One of the most rational voices in the Valley, David Sacks has hit many of the commonly agreed upon entrepreneurial “milestones,” and he’s only 40. Sacks is part of a mafia (PayPal), he’s had a pivot (MyGeni) and he’s won a TechCrunch startup competition, back when it was TechCrunch 50.
He’s also successfully built an enterprise product with Yammer and then sold it to Microsoft for over a billion dollars. He’s even dabbled in Hollywood. And now he’s arguing that there’s nothing left to do, debatably because he’s done it all (Okay, so maybe he hasn’t had an IPO besides PayPal, who’s counting really?).
No seriously, what’s next for David Sacks, other than a stint in politics? TechCrunch Disrupt that’s what. Sacks will be taking the stage with the other rockstars at what promises to be the Coachella of tech conferences, to give us his obviously keen observations of the future of the Valley, technology and innovation.
Folks, we are merely two weeks away from one of the most badass tech conferences of the year. Get your tickets here while you still can!
And, as I now constantly write at the end of these things, if you are interested in becoming a sponsor, opportunities can be found here. Students can also come and be a part of Disrupt SF, for cheaper obviously.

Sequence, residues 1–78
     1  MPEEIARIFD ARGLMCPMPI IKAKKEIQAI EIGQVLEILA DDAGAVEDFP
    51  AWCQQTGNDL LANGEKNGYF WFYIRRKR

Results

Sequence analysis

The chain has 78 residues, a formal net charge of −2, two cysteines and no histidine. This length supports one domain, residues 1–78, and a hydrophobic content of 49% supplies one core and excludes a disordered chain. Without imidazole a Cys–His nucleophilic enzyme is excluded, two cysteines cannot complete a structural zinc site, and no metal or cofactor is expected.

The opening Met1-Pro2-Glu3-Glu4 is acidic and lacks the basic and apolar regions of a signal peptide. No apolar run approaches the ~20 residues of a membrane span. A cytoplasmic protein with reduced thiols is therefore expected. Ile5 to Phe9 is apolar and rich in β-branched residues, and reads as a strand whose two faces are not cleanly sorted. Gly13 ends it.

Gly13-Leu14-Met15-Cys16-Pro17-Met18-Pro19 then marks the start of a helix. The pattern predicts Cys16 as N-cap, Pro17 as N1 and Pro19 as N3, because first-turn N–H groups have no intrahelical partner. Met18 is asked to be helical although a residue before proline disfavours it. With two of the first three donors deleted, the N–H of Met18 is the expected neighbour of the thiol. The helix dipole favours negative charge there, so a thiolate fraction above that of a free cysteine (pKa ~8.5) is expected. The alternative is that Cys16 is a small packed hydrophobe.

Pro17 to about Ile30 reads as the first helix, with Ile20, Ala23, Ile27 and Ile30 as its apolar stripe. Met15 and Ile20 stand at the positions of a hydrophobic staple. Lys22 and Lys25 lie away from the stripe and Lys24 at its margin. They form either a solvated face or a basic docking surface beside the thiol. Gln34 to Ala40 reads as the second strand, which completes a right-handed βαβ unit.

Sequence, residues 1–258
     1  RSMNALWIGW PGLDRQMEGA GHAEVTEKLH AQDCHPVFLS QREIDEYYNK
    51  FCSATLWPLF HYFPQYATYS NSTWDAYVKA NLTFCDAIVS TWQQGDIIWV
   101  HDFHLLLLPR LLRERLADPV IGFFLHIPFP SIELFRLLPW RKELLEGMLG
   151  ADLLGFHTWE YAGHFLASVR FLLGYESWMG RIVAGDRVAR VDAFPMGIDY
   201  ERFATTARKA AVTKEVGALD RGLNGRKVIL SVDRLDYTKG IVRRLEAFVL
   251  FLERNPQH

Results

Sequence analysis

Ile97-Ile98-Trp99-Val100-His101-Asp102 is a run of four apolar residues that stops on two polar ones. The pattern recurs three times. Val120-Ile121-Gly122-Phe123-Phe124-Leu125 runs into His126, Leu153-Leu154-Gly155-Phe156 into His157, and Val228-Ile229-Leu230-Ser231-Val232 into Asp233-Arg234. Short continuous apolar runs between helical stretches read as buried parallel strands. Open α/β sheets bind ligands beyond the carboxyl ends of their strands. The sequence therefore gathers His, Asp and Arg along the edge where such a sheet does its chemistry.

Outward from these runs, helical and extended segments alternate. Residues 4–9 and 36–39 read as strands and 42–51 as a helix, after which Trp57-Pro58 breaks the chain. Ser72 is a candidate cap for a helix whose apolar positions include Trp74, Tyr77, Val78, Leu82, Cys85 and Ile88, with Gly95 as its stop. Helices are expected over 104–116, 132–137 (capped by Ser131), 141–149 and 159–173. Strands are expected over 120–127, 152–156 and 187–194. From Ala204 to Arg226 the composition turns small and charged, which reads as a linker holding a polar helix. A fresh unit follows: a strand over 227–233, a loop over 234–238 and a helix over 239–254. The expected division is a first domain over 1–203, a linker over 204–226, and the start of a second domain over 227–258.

Founder & CEO, Yammer, Inc.
David O. Sacks is the Founder and CEO of Yammer, Inc. Sacks was previously the COO of PayPal until its acquisition by eBay. Subsequently, he founded Geni.com, a family tree building and networking website. He also produced and financed the hit movie Thank You For Smoking. David recently sold Yammer to Microsoft for $1.2 billion.
David holds a B.A. in Economics from Stanford University and a J.D. from the University of Chicago Law School.
Read more from the original source: Yammer’s David Sacks To Join Us At Disrupt SF
No matter what you have to say about them, location-focused services have proved extremely powerful, and there’s still much more innovation to be done. Foursquare, which I’m loving more and more as it evolves into a discovery tool, is the dominant player. Then there are startups like Highlight and Sonar, which help you connect with people nearby. Beyond that, anything Facebook does in this space matters (at least somewhat) and Apple’s Find My Friends sticks out like a sore thumb on the utility side of things.
With all these initiatives in mind, there’s something curious about a little Web app by the name of iHi.
Created by Ben Howdle and Jack Smith, the makers of SVGeezy, iHi lets you quickly and easily broadcast your location privately (by email) or publicly (on Twitter). Somehow as just a Web app, it manages to succeed in ease of use and simplicity where Find My Friends fails. It’s a very simplistic app, but the execution is where it wins. You might as well consider it an experiment in how simple a Web app can be, while still being entirely useful.
Here I am. At a coffee shop in East Village:
We talked with Howdle about how and why you’d use it: